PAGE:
"Look after your pond while you're away?
Of course! Not a problem. No problemo. Had a goldfish myself once. Died. But it's still experience, isn't it?
Anything I need to know? Any special dietary requirements? Any ill ones, rare or particularly valuable specimens that I need to keep an eye out for?
And you're absolutely sure that there's nothing to freak me out, because I don't like weird fish. Normal fish are fine, like living ornaments, prettily floating about, mindlessly trying to remember how long their memory is and if they left the gas on, but deformed ones, or dead ones, or ones that just look like they've generally had a hard time don't inspire pity, they inspire unmitigated disgust and abject horror, don't they?
Yes. Glad you understand. It's not very fair and I'm not proud of it, but it's not just me is it? I think it's quite prevalent across the human spectrum. It's just the way we are with fish.
Fish come in categories you see. Pretty (your guppies and Nemos and such like); tasty (your cod and Birdseye bite-size reclaimed fish chunks); scary (Great white sharks and things with saws where their noses should be) or madly gross (deformed or dead for more than a day).
Nothing like that then? No? good. Bye then. Have a nice holiday".
Right. Fish care time.
Ooh, lovely pond. Some blue LED lights to frighten tadpoles at night, a pot of fishy pellets for me to scatter both hither and yon, netting to keep the herons off, all tickety-boo and normal for your pond dwelling fauna:
Some lilies, little waterfall in the back there, dribbling down those fibreglass rocks all picturesque like, nice plants on the side, and obviously the fish, all golden and orange and yellows and OHMYSWEETBABYSANTA!
What the chuff is that!
Eeeeewwwwww! Deformed fish! Deformed fish!
It looks like someone's stuck a bicycle pump up whatever fish have instead of anuses and inflated it to 32 psi.
I see you there, slinking under that big leaf, trying to get out of sight, and rightly so. All nasty and not fit for plain view, rolling lethargically from side to side like a badly designed car ferry.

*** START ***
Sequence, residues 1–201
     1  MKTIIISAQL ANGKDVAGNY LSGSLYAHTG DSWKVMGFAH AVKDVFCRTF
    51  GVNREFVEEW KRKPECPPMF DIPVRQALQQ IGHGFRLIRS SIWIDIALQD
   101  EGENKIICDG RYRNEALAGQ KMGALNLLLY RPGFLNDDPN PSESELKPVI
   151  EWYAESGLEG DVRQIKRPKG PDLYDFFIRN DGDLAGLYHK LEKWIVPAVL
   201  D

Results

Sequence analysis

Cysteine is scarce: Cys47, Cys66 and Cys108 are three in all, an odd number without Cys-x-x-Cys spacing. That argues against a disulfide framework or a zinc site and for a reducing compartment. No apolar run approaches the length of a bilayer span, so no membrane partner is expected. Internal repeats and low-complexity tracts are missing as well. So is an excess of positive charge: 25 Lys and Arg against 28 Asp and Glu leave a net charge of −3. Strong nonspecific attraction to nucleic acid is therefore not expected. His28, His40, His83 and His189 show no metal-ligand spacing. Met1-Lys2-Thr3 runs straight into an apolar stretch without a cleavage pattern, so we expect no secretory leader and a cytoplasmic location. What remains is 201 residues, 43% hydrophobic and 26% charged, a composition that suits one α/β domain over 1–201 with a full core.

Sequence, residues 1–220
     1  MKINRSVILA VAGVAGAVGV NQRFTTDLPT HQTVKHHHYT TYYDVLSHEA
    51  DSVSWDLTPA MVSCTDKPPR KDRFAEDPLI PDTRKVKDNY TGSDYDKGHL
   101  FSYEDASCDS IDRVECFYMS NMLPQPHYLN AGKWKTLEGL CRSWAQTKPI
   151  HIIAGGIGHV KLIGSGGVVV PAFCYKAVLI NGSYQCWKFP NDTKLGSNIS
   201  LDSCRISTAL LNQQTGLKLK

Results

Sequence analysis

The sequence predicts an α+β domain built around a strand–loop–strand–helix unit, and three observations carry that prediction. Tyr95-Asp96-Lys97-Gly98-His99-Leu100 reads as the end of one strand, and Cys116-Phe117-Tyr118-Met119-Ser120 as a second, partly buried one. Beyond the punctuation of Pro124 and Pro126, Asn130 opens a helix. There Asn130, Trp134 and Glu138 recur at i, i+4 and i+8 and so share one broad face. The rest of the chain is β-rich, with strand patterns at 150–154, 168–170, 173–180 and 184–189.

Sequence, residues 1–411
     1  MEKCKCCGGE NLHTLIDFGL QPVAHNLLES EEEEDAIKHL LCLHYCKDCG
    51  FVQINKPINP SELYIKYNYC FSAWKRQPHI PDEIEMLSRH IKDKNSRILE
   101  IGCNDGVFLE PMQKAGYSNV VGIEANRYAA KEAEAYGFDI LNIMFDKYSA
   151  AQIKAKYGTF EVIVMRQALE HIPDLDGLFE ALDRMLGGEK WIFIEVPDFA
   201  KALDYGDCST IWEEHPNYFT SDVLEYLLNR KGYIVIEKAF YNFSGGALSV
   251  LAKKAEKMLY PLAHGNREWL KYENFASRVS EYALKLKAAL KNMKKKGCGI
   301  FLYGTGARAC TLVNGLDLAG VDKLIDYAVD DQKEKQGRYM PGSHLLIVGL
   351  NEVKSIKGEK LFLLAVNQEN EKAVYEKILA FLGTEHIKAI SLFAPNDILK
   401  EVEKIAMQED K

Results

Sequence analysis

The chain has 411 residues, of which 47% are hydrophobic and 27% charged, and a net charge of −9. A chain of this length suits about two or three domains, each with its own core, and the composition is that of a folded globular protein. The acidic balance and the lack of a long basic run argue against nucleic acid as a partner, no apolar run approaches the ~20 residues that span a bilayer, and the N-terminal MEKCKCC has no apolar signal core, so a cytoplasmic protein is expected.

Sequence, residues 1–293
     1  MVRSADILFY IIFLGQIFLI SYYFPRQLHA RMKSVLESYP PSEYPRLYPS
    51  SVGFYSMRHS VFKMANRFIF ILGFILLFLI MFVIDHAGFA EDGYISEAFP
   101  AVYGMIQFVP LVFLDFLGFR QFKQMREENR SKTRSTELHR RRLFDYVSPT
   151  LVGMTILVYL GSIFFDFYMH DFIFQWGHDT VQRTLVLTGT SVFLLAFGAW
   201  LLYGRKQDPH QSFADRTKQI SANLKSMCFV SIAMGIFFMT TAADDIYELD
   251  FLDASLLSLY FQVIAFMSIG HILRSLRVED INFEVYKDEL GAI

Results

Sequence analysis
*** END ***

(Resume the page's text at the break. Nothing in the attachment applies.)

It's moving slowly, and every now and then gets bumped by the other beautiful fish in the pond, causing it to rotate gently like a novelty beach ball with a head and tail, but it valiantly manages to get back the right way up and swims for cover again.
Makes it hard to get a good clear pic of the piscean freak, but you can see how godawful it is. Come on, show us your abnormality. Don't be shy. I'm not going to eat you.
That would really freak me out.
It's not even as though it will be beautiful on the inside. Have you seen the inside of a fish? It's like a slug fight in there.
Even the other fish shun it, with their streamlined shapes and smooth hydrodynamic gliding, constantly looking at their reflections in the undersurface of the pond's meniscus, probably gloating in that well known fishy way about how beautiful they are, about how they don't need immune systems because they're too pretty to get ill, not like old Lumpy McSphere over there.
He doesn't retaliate. He simply wobbles back under the leaf, away from the harsh unforgiving sunlight which has no qualms about revealing his distorted features, then throws a fin across his face and cries "Don't look at me! Shlurp. Don't look at me!"
Now I feel guilty.
Maybe I can help. Does it need a vet? Or would a vet be all "Ew! Gross! I'll put my entire arm up a cow's arse but if you think I'm touching a deformed fish you've got another think coming." And then charge me forty quid for the consultation because that's what vets do when they tell you what you already know but use bigger words like "vaccinations" and "willful neglect" and "RSPCA". Smartarses.
No. A vet isn't the way forward. Something more practical is required.
How about one of those pet warehouses. Pets Sat at Home or whatever they're called. You know, they've got puppies stacked to the rafters and budgies on quick turnaround, three to a cardboard tube, and you can get monosyllabic professional advice from a teenager on minimum wage who thinks a bat is mouse's ghost.
They sell everything for pets and pond denizens, so I expect they've got a whole shelf dedicated to the aesthetically challenged fish. That's the place to go I reckon.
I wonder if they sell tiny operatic half-masks and cloaks, maybe with a waterproof top-hat?
Not only would he be able to disguise his disfigurement, but he'd have the added advantage of being dapper. I also have it on good authority (my imagination) that top-hats are inherently good at putting off herons, so it's in a complete win/win situation!
Apart from the horrendous deformity of course.